Around the square they placed jammers to prevent internet connection and 3g networks were blocked. Residents and businesses in the area provided free wireless network for the people on the streets. Restaurants offered food and water for free.

People in Ankara and İzmir gathered on the streets to support the resistance in Istanbul.

Mainstream media kept showing Miss Turkey and “the strangest cat in the world”.

I am writing this letter so that you know what is going on in Istanbul. Mass media will not tell you any of this. Not in my country at least. Please post as many as articles as you see on the Internet and spread the word.

As I was posting articles that explained what is happening in Istanbul on my Facebook page last night someone asked me the following question:

“What are you hoping to gain by complaining about our country to foreigners?”

This is my answer to her.

By so called “complaining” about my country I am hoping to gain:

Freedom of expression and speech,

Respect for human rights,

Control over the decisions I make concerning my on my body,

The right to legally congregate in any part of the city without being considered a terrorist.

But most of all by spreading the word to you, my friends who live in other parts of the world, I am hoping to get your awareness, support and help!

Please spread the word and share this blog.

What is Happening in Istanbul?  (Sumandef Hakkinda, İnsanlik Hali)

Turkey protests show no sign of letdown (CNN)

Previously: Meanwhile, In Istanbul

Pic: Reuters

Thanks D.E.W


35 thoughts on “[Local] Television Kept Showing Miss Turkey And The ‘Strangest Cat In The World’

  1. munkifisht

    The parallels with Ireland are quite shocking. Wonder how far we are away from this kind of state control.

    1. cluster

      I scrolled down expecting to see at least one comment along these lines. Hyperbole isn’t helpful in these situations.

  2. ffintii

    Yea but we here in Ireland had a property bubble to distract us.

    Go Turkey and also tell Erdogan to stop interfering with Syria.

    1. 21secondstogo

      About 20 or so Turkish guys gathered in Grogans pub on Saturday afternoon, for about 4 hours. They were dressed in Besiktas jerseys, singing songs, holding banners etc, and downing pints. It felt a bit odd to be honest. They should’ve been down on O’Connell street or something.

      1. paul

        that was after the demo at stephen’s green and they were in O’connell st on Sunday.

  3. irlandesa

    This is an account I have received on FB from an Irish citizen living in Ismir:

    Dear sir/madam,

    I am an İrish citizen living in Izmir. I have been trying to ring the Irish embassy in Ankara and the Irish Consulate in Izmir for the last hour this morning. Neither are picking up their phones. I am also copying this message to the Irish times newspaper.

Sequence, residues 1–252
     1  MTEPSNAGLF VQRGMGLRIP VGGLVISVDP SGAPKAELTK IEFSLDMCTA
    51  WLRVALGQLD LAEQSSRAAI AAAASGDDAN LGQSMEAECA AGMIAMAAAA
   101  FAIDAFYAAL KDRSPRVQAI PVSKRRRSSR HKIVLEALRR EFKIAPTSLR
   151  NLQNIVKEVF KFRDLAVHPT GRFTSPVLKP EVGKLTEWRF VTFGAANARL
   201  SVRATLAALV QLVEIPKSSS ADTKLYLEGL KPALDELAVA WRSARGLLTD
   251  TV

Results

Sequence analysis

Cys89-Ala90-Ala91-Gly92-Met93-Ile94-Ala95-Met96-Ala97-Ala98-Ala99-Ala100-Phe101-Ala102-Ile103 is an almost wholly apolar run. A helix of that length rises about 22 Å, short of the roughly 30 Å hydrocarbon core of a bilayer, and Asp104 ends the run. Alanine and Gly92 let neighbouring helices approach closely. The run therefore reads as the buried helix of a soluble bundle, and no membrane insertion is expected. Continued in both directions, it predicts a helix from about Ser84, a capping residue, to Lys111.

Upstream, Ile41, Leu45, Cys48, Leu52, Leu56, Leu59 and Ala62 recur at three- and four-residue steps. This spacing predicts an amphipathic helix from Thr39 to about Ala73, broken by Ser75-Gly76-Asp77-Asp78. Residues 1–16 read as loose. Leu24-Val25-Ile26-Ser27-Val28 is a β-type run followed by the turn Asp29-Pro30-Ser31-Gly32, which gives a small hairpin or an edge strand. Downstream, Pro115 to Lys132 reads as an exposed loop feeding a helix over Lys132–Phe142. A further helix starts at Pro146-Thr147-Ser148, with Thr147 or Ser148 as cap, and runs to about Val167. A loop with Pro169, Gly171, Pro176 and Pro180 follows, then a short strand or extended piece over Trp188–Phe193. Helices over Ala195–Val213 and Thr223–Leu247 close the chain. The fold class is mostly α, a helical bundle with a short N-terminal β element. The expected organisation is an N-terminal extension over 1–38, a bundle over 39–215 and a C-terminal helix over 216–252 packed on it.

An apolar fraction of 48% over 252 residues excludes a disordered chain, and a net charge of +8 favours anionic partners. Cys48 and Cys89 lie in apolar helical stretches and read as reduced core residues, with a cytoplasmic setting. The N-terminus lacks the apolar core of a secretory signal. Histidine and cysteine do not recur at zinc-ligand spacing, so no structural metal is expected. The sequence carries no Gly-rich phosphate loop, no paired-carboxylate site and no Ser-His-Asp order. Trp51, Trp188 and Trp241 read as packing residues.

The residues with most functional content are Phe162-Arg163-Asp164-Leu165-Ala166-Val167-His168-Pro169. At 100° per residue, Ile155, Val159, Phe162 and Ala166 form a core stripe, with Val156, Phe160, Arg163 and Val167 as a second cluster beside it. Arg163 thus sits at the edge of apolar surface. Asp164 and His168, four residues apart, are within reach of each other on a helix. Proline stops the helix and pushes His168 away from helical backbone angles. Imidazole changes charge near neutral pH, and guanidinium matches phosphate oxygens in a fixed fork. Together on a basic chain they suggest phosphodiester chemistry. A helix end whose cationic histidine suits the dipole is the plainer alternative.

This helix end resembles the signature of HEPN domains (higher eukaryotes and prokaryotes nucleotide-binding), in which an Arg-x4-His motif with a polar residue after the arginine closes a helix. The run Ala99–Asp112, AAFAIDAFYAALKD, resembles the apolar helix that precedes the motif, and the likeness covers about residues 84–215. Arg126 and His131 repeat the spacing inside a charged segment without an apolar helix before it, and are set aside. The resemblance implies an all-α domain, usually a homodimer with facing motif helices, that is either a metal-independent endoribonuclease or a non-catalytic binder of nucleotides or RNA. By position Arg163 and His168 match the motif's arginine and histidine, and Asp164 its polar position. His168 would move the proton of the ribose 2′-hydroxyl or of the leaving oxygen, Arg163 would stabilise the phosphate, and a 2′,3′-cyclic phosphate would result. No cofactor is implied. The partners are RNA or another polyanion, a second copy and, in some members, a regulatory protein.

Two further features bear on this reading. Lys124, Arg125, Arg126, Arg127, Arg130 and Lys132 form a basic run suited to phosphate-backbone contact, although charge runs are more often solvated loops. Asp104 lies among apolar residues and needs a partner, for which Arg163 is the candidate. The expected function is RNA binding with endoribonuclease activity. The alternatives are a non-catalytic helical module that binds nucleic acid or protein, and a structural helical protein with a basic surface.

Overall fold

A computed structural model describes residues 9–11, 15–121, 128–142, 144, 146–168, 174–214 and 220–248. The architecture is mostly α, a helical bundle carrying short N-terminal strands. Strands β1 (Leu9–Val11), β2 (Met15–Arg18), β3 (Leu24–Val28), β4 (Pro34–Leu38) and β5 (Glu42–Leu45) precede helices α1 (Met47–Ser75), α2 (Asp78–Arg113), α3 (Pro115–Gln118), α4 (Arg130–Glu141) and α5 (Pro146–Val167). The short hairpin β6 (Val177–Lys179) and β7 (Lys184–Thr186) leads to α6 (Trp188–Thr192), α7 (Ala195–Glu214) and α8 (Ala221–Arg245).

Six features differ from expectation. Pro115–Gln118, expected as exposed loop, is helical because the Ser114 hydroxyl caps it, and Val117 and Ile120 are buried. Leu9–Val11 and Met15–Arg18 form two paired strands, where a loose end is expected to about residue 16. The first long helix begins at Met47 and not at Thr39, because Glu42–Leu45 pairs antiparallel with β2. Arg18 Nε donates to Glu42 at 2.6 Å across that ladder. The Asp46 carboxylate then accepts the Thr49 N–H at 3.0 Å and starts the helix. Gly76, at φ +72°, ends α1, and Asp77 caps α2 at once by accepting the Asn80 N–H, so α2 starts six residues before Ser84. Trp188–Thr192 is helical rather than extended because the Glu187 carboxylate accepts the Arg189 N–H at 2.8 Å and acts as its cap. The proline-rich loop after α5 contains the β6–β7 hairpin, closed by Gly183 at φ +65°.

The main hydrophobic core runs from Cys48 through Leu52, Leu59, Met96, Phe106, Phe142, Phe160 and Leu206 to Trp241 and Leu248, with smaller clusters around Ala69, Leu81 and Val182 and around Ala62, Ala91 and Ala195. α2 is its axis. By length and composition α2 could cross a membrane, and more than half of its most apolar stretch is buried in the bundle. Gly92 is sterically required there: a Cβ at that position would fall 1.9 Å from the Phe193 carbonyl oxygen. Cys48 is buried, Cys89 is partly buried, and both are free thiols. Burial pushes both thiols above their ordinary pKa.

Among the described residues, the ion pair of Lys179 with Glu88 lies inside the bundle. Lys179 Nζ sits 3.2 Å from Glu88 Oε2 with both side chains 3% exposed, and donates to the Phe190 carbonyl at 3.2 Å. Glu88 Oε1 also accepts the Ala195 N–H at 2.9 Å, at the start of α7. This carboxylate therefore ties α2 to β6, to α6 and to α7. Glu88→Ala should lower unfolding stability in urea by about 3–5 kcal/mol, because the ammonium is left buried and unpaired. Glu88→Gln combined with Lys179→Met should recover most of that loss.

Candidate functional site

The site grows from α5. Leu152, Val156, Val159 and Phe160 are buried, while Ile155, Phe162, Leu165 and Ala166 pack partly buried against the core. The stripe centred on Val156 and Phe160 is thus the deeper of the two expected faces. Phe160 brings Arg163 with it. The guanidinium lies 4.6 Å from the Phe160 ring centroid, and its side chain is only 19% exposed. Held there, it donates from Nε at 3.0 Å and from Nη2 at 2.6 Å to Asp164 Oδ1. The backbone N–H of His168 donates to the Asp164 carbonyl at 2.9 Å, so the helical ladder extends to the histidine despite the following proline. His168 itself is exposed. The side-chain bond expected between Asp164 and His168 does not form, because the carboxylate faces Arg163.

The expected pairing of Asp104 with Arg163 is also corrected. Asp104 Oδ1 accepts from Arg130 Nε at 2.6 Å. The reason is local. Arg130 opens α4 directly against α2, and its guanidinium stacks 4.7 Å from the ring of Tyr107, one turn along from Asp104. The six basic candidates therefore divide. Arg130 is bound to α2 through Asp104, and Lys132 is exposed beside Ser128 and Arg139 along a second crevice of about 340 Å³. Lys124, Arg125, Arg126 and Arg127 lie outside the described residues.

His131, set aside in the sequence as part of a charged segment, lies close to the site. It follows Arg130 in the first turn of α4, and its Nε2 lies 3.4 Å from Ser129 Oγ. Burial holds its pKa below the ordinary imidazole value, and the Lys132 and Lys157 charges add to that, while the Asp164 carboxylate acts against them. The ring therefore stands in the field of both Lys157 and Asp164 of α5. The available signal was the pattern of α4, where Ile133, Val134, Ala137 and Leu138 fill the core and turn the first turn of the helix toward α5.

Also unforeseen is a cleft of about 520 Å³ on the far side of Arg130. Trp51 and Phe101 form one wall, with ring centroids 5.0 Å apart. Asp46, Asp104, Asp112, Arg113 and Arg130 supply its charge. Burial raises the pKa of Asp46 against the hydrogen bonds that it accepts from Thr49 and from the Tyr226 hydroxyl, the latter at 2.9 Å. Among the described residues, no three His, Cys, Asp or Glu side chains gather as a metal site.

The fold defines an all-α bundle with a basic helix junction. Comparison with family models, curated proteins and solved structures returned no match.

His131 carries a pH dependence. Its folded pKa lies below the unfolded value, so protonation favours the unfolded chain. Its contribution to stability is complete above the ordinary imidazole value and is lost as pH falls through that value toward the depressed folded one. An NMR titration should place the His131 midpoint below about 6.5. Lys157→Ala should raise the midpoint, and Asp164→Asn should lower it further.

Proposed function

Last night as you know there were protests against the Turkish government in Izmir. I was out in one of the bars in the centre of İzmir in an area that was away from the protests. Eventually there was commotion on the street where the bar was. All the customers went inside but we still needed to cover their faces because of the strength of tear gas from the streets. When it got quieter we obviously declded to go home as quickly as possible. I work as a lecturer in Izmir Ekonomi Universitesi. I had been having a drink with one of the master students of the university and also a USA based artist who is doing an art project in Izmir at the moment.

    On our way home we needed to cross a street on which there were some police. We approached them very carefully making it clear that we were not protesters. As soon as they saw us they grabbed us very forcefully and pushed us against a wall. We explained who we were and what we were trying to do but they proceeded to treat us very badly. My student – a Turkish citizen – was pushed on the ground and beaten around his stomach and buttocks with batons. They then told him they were not interested in him and kicked him to the other side of the street where he was able to escape. However, they held my friend, a Canadian national with Chinese origins, and myself. I was initially pushed to the ground and beaten very severely around the legs for ‘ what I was doing’. We were then marched around the centre of Izmir for a further 2 hours as the police decided what to do with us – constantly pushing us and harassing us – along with a number of Turkish people that they had taken into custody. Eventually we got away by being friendly to one police officer who suddenly said ‘ just disappear up this street’. At that stage the police (including very ferocious riot police who had orıginaly detained and beaten us) were escorting probably over a hundred Turkish citizens to some unknown destination.